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Participation in lung cancer screening programs: are there gender and social differences? A systematic review

Overview of attention for article published in Public Health Reviews, August 2018
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About this Attention Score

  • In the top 25% of all research outputs scored by Altmetric
  • Among the highest-scoring outputs from this source (#46 of 164)
  • High Attention Score compared to outputs of the same age (82nd percentile)

Mentioned by

blogs
1 blog
twitter
9 tweeters

Citations

dimensions_citation
19 Dimensions

Readers on

mendeley
53 Mendeley
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Title
Participation in lung cancer screening programs: are there gender and social differences? A systematic review
Published in
Public Health Reviews, August 2018
DOI 10.1186/s40985-018-0100-0
Pubmed ID
Authors

Stefanie Schütte, Damien Dietrich, Xavier Montet, Antoine Flahault

Abstract

Lung cancer remains the leading cause of cancer mortality worldwide. A number of screening trials for early detection of lung cancer exist, using chest X-ray, low-dose computed tomography, or both. However, little is known about the socio-demographic characteristics of participants in lung cancer screening programs. As gender and socio-economic determinants are important variables to consider for successful program implementation, this review aims to characterize the participants in such programs and to investigate whether differences in representation exist across screening programs. Systematic methods were used to identify relevant studies. A search was undertaken to locate all studies published up to August 2017 assessing the socio-demographic profile of participants in lung cancer screening programs. A search strategy was developed, refined, and implemented to search in two different online databases (MEDLINE and Web of Sciences). A total of 1588 references were retrieved of which 14 were eligible for review. The results highlight differences in gender and social characteristics of participants across programs, while noting that differences may be partly explained by the various epidemiological contexts, program inclusion criteria, and socio-economic status (SES) measures collected. Most importantly, despite a well-recognized predominance of low SES among heavy smokers, people with high SES are seemingly over-represented among participants. Male participants also seem to be over-represented. These findings are important to help inform the development and implementation processes of future lung cancer screening programs, which should likely include strategies for engaging women as well as individuals with low SES and, of course, those most at risk for developing lung cancer.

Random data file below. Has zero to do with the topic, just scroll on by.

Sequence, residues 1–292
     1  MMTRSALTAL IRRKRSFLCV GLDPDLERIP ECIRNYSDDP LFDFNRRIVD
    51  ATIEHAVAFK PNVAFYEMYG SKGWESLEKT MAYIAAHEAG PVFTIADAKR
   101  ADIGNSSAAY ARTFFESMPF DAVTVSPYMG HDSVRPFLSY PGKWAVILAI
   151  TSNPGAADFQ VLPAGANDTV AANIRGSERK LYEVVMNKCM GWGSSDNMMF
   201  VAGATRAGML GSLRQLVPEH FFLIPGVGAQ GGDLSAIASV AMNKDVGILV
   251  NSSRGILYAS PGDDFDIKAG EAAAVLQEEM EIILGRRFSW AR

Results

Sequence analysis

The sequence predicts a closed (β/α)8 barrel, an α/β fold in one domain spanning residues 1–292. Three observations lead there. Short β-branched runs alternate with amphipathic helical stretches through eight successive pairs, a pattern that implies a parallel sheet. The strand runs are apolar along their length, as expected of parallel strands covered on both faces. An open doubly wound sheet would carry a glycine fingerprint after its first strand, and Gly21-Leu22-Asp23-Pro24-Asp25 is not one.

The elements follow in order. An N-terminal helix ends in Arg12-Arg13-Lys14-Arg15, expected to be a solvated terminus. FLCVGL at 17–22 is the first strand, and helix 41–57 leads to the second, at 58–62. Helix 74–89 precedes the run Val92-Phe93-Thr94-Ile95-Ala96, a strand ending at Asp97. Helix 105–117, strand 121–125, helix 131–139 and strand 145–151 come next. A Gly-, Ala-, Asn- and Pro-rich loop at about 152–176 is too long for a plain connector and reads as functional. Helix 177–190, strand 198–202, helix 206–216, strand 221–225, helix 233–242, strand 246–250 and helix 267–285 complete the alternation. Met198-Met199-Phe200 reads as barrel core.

Twitter Demographics

The data shown below were collected from the profiles of 9 tweeters who shared this research output. Click here to find out more about how the information was compiled.

Mendeley readers

The data shown below were compiled from readership statistics for 53 Mendeley readers of this research output. Click here to see the associated Mendeley record.

Geographical breakdown

Country Count As %
Unknown 53 100%

Demographic breakdown

Readers by professional status Count As %
Student > Bachelor 7 13%
Other 6 11%
Researcher 6 11%
Student > Ph. D. Student 4 8%
Student > Master 4 8%
Other 10 19%
Unknown 16 30%
Readers by discipline Count As %
Medicine and Dentistry 19 36%
Nursing and Health Professions 4 8%
Social Sciences 2 4%
Agricultural and Biological Sciences 1 2%
Biochemistry, Genetics and Molecular Biology 1 2%
Other 5 9%
Unknown 21 40%

Attention Score in Context

This research output has an Altmetric Attention Score of 12. This is our high-level measure of the quality and quantity of online attention that it has received. This Attention Score, as well as the ranking and number of research outputs shown below, was calculated when the research output was last mentioned on 06 May 2019.
All research outputs
#1,607,503
of 14,969,286 outputs
Outputs from Public Health Reviews
#46
of 164 outputs
Outputs of similar age
#47,625
of 273,503 outputs
Outputs of similar age from Public Health Reviews
#1
of 2 outputs
Altmetric has tracked 14,969,286 research outputs across all sources so far. Compared to these this one has done well and is in the 89th percentile: it's in the top 25% of all research outputs ever tracked by Altmetric.
So far Altmetric has tracked 164 research outputs from this source. They typically receive a lot more attention than average, with a mean Attention Score of 15.4. This one has gotten more attention than average, scoring higher than 70% of its peers.
Older research outputs will score higher simply because they've had more time to accumulate mentions. To account for age we can compare this Altmetric Attention Score to the 273,503 tracked outputs that were published within six weeks on either side of this one in any source. This one has done well, scoring higher than 82% of its contemporaries.
We're also able to compare this research output to 2 others from the same source and published within six weeks on either side of this one. This one has scored higher than all of them